In a world of continued aggressive guideline- and pharmaceutical-sponsored expansion of stroke treatment with thrombolytics, this article fills and important need – better codifying the predictors of stroke mimics. While other editorials espouse the need to be fast without being sure, this is frankly irresponsible medicine – and, in resource-constrained environments, unsustainable.
These authors at two academic centers performed a retrospective clinical and imaging review of 784 patients evaluated for potential acute cerebral ischemia. Patients were excluded if they had signs of acute stroke on initial non-contrast imaging, and if they did not subsequently undergo MRI. Based on review of the totality of clinical information for each patient, 41% of this cohort were deemed stroke mimics. The authors scoring system, then derived 6 variables – and 3 or more were present, the chance of stroke mimic being cause of the current presentation was 87.2%. Their criteria:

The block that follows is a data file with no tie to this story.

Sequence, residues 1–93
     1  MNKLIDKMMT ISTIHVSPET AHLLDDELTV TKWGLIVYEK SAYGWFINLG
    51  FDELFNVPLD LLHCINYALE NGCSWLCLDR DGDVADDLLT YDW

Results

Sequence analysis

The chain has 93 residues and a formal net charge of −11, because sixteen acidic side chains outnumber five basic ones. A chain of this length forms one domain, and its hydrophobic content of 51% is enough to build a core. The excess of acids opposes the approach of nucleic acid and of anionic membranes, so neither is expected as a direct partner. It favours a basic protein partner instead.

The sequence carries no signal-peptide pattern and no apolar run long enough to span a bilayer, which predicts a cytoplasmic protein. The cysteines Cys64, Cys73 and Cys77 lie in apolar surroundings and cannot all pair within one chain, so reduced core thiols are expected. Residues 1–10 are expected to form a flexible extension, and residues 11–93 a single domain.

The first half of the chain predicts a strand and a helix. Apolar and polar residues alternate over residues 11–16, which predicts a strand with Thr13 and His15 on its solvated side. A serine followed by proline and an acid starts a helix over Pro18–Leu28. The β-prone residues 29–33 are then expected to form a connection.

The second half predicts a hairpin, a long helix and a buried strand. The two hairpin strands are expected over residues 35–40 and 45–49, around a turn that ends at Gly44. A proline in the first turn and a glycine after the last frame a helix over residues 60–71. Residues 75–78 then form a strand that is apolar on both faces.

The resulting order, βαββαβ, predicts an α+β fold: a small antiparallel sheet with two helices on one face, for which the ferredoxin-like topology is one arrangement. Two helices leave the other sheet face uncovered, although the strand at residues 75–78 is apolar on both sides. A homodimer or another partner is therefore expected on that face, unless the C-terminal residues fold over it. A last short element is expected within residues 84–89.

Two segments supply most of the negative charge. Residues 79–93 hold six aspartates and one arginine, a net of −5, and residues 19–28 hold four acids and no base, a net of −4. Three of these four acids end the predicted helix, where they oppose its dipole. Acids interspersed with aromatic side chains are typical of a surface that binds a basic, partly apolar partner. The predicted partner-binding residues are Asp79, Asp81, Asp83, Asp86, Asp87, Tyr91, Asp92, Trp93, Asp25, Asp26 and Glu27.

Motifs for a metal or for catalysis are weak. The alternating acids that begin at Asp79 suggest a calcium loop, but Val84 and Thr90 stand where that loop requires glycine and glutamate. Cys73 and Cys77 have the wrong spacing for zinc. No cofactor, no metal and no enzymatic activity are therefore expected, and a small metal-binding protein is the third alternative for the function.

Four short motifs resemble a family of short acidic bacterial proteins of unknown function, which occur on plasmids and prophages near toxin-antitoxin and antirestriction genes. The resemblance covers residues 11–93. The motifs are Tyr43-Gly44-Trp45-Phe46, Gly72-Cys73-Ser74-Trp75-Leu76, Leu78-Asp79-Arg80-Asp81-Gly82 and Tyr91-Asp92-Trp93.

- Absence of facial droop
- Age <50 y/o
- Absence of atrial fibrillation
- SBP <150 mm Hg
- Presence of isolated sensory deficit
- History of seizure disorder
When the rate of tPA administration to stroke mimics is ~15%, and 30-40% of patients evaluated for stroke are stroke mimics – there is a lot of waste and potential harm occurring here. These authors suggest the use of this score could potentially halve these errant administrations for 94% sensitivity, or cut errant administrations down to 2% with 90% sensitivity. Considering the patients for which stroke/stroke mimic is an ambiguous diagnosis, it is reasonably likely the symptoms are of lesser severity – and in the range for which tPA is of most tenuously “proven” value. While their rule has not been prospectively validated, some of these elements certainly have face validity, and can be incorporated into current practice at least as a reminder.
“FABS: An Intuitive Tool for Screening of Stroke Mimics in the Emergency Department”